> cultural evolution led us to wearing the polar bear's fur instead.
> Here Petersen might, but I doubt it, find some antecedents for his
> absurdities. E.g.,
>   -- unless it has happened in the last decade no one has ever been able
> to explain why 'men hunt and women gather', a pretty universal division of
> labor in hunter-gatherer and antecedent cultures.
>  -- why have all cultures (excepting one small group on the south of the
> Black Sea a few thousand years ago) been patriarchal? (There are lots of
> matrilineal cultures, but that is different.)
> -- why, according to anthropologist Maria Lepowski, is there only one
> culture, in historical times, based on sex/gender equality. (The pre-WWII
> Vanuatu.)
>   -- why, statistically speaking, are men attracted to women having the
> appearance of fecundity (physical symmetry, developed breasts, width of
> pelvic girdle, hence hips) and women are attracted to men with the
> appearance of power (fame, money, social position, all being secondary
> indicators).
> Don't shoot the messenger for the last one. Merely reporting what was
> learned in a year long university course in sex and gender across cultures
> - historic and prehistoric.
> davew
> On Wed, Feb 14, 2018, at 9:20 AM, Pieter Steenekamp wrote:
> It may be difficult to quantify evolutionary psychology, but that does not
> mean it is pseudoscience. Like string theory that's also difficult to
> quantify, the scientific method is also applicable to evolutionary
> psychology.
> I support the view as expressed in
> Evolutionary_psychology:
> "Just as Darwin's theory of natural selection was almost immediately
> perverted to justify cruel bigotry (Social Darwinism, eugenics), so
> evolutionary psychology is readily twisted to buttress prejudice. This does
> not make evolutionary psychology wrong, any more than the brutality of
> Social Darwinism made evolutionary theory wrong, but it does suggest that
> claims rooted in it should be assessed very carefully, both by those
> reading them and those writing them."
> On 13 February 2018 at 23:07, uǝlƃ ☣ <> wrote:
> I remain fascinated by the neoreactionaries (most of whom have ceded their
> soap boxes to their alt-right offspring).  And Google's tendency to promote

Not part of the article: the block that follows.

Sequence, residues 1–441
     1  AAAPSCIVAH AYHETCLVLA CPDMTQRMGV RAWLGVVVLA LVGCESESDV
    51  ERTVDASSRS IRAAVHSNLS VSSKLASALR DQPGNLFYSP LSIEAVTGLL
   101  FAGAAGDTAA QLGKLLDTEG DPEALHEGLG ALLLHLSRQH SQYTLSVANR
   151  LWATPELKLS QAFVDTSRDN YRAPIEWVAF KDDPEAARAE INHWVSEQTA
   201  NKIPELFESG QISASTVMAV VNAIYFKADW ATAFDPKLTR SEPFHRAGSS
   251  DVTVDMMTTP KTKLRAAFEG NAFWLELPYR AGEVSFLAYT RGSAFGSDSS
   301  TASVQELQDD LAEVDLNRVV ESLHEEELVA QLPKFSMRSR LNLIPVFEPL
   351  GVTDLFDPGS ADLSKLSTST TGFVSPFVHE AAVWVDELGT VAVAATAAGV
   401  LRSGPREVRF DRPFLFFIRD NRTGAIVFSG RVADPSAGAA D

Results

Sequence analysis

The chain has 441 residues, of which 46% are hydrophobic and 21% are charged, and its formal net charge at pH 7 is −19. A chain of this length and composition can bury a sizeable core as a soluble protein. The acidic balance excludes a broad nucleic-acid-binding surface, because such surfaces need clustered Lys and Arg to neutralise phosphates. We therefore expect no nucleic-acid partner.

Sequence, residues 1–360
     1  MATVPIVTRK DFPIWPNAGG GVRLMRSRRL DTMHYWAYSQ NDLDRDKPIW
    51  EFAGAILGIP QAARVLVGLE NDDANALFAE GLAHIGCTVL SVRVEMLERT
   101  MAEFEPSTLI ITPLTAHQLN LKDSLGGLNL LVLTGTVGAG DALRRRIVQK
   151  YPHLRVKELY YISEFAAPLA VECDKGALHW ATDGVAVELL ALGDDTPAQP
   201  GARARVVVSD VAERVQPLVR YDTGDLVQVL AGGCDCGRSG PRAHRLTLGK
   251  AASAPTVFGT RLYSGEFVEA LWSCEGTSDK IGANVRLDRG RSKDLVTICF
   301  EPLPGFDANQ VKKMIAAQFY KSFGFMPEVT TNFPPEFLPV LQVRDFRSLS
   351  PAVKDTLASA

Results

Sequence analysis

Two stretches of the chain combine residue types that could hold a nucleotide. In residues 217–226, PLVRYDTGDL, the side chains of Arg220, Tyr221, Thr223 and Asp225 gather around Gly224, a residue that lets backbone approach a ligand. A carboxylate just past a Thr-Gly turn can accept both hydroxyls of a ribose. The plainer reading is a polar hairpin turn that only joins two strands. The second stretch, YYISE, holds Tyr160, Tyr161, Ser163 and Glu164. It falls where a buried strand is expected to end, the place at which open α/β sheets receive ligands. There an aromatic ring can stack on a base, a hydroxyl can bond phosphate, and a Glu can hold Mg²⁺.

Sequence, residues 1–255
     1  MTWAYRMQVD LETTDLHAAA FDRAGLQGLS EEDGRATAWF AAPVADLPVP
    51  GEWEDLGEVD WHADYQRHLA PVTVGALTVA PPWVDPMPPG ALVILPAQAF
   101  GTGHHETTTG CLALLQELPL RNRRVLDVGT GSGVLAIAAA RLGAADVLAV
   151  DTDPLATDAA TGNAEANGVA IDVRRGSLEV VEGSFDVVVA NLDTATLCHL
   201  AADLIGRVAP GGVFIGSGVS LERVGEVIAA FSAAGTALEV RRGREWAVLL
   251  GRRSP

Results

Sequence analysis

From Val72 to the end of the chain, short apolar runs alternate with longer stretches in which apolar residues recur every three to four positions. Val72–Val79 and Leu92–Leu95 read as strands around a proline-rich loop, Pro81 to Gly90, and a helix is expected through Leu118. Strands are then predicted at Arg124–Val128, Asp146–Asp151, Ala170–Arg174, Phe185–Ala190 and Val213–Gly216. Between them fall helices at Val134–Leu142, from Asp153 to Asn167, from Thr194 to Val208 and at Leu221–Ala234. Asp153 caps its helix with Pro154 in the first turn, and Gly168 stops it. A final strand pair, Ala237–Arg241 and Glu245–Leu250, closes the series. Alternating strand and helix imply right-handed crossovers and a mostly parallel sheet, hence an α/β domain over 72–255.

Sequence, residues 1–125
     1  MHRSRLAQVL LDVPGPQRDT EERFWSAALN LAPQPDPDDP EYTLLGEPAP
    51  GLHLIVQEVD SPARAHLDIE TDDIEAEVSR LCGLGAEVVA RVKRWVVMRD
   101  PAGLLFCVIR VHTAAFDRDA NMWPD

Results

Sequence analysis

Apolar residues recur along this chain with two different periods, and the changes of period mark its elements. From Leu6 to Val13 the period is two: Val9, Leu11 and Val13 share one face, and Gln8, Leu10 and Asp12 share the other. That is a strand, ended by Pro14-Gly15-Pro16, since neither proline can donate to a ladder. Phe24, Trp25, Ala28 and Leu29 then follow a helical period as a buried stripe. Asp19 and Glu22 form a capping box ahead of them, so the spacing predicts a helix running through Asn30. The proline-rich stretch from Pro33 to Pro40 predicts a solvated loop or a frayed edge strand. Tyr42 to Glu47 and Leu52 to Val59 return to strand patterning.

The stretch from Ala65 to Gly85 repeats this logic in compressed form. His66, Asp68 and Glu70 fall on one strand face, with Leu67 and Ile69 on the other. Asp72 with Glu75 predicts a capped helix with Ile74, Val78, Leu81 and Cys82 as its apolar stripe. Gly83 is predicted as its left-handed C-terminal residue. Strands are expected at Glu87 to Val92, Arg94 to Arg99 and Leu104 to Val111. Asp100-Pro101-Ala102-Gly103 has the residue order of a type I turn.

> fringe garbage (
> oogle-autocomplete-vile-suggestions/) landed Jordan Peterson in my
> Youtube recommendations awhile back.  Based on the videos Youtube
> recommended, he sounded like a typical right-wing pseudo-intellectual.  But
> when I noticed Sam Harris taking him seriously, I thought I'd look a little
> closer.  Sure enough, the majority of his online lectures spout fairly
> reasonable (albeit justificationist) rhetoric ... a lot like Harris and
> fellow right-wing flirt Jonathan Haidt, both of whom appeal to our
> xenophobic friends for differing reasons.
> I'm reminded of the argument I made on this list some time ago that,
> although I believe open source is necessary for pretty much all things, it
> *facilitates* nefarious action by obscurity.  Because your library (e.g.
> RSA backdoors or JavaScript cryptocurrency miners) has so much code in it,
> and is just one library in a gamut of libraries you invoke, there's
> absolutely no way you can *trust* that stack ... even if it's FOSS and gets
> lots of eyeballs.
> Peterson, Harris, and Haidt, rely on the overt reasonability of 90% of
> what they say in order to Trojan Horse the racist or otherwise questionable
> content of the other 10%.  Sure, they make a *technical* effort to weight
> their assertions.  And that's laudable.  (Slate Star Codex and Alexander's
> ilk do this well with their "epistemic status" rating, displayed fairly
> prominently most of the time.)  But this raises the reason I'm posting this
> to FriAM.  The quote from the Alternet article is (should be) provocative:
> ew-intellectual-has-some-truly-pitiable-ideas-about-masculinity
> "Devotees of the pseudoscience of evolutionary psychology are fond of this
> particular maneuver: locate some behavior in the more ancient branches of
> the tree of life and project it forward across eons to explain little
> Johnny pulling little Susie’s pigtails, or the collapse of Lehman Brothers,
> or the Holocaust, or whatever. In any case, I like to imagine the
> diaphanous, energy-based extraterrestrials in their invisible starships, so
> unutterably alien that they gaze upon man and lobster and can’t tell them
> apart."
> In particular re: Peterson, I've actually *used* (although mostly
> jokingly) the alpha- beta-male (false) dichotomy at cocktail parties ... to
> justify why I, as a proud beta male, am a wallflower.  But now, I'm worried
> that (like the many memes I learned from my libertarian friends) it's not
> merely a useful fiction, but complete garbage:
> --
> ☣ uǝlƃ